By passing Senate Bill 340, the Indiana legislature sided with landlords, tipping state law in their favor and against the interests of tenants.

The bill, which now goes to the governor’s desk, blocks Indiana cities from regulating rental properties, thereby threatening current protections for tenants.

Renters of houses and apartments in Indiana generally have less control over their homes and less money than landlords, meaning renters typically are at a disadvantage when advocating for their rights. And this isn’t a small group. Renters account for 31% of the 2.5 million households in Indiana, according to 2017 U.S. Census statistics.

Legislators should have been mindful of these factors when mulling SB 340, but 29 of 50 state senators and 64 of 100 state representatives voted to pass the bill Wednesday on the last full day of the 2020 General Assembly.

Republican legislators who supported the bill were motivated by their opposition to an ordinance approved by the Democrat-controlled Indianapolis City-County Council. The measure enables the fining of landlords for retaliating against renters who complain about living conditions. It also requires landlords to provide tenants with information about their legal rights.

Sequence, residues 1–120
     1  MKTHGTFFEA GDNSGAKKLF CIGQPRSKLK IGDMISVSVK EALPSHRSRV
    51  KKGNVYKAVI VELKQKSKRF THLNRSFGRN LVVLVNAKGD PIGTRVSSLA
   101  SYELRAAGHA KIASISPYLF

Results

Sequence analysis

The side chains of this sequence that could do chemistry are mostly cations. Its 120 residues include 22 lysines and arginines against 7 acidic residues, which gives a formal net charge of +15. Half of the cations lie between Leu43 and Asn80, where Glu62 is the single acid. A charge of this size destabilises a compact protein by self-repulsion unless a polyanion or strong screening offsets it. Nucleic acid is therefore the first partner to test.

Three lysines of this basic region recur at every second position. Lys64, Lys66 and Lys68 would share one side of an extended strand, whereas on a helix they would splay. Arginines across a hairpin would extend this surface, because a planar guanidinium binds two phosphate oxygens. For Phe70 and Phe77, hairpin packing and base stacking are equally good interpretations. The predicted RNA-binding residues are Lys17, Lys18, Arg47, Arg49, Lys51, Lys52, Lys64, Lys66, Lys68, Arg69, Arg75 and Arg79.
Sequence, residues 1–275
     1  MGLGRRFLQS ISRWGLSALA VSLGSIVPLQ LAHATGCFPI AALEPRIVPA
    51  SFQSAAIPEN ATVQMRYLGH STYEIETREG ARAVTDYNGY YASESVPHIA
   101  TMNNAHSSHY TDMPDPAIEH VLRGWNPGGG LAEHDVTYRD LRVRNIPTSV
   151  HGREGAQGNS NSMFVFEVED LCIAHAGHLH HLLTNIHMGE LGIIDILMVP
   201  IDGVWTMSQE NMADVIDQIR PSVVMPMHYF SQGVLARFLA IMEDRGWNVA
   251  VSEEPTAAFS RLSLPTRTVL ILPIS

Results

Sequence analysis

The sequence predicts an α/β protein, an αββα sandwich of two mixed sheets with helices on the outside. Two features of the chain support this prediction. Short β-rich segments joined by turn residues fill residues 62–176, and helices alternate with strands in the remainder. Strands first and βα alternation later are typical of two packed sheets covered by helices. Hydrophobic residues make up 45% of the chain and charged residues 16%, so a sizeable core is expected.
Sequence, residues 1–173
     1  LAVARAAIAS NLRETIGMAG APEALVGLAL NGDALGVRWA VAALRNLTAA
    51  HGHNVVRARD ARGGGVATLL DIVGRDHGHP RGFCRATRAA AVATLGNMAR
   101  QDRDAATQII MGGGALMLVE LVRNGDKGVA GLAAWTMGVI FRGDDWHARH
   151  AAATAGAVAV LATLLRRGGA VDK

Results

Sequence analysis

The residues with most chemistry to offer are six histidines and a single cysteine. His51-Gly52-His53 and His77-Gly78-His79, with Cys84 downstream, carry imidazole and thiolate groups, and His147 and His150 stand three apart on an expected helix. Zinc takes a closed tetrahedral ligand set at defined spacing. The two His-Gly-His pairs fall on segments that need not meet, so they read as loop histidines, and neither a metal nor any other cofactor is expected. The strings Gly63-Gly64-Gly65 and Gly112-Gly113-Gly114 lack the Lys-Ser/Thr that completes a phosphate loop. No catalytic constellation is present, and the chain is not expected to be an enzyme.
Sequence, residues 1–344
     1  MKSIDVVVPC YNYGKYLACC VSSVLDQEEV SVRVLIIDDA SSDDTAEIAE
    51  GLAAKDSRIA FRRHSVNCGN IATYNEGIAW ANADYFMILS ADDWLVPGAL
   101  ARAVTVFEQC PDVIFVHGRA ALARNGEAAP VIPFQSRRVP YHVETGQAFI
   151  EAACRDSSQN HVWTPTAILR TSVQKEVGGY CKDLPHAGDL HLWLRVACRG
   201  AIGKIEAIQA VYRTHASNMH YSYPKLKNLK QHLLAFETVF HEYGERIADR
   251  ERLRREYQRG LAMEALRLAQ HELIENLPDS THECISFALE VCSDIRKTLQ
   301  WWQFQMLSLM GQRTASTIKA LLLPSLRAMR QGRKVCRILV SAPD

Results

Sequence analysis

In supporting SB 340, the GOP legislators argued that it is important to establish uniform statewide regulations to address landlord-tenant relationships.

But the bill removes the ability of local government to go beyond state law to assure that tenants’ rights are protected. In Hoosier cities such as Indianapolis, South Bend and Columbus, councils found ample reason to pass anti-discrimination ordinances that could be canceled by SB 340.

In the case of landlord-tenant relationships, the Indianapolis council got it right by standing behind tenants, while the state legislature placed a toe on the wrong side of the scale.

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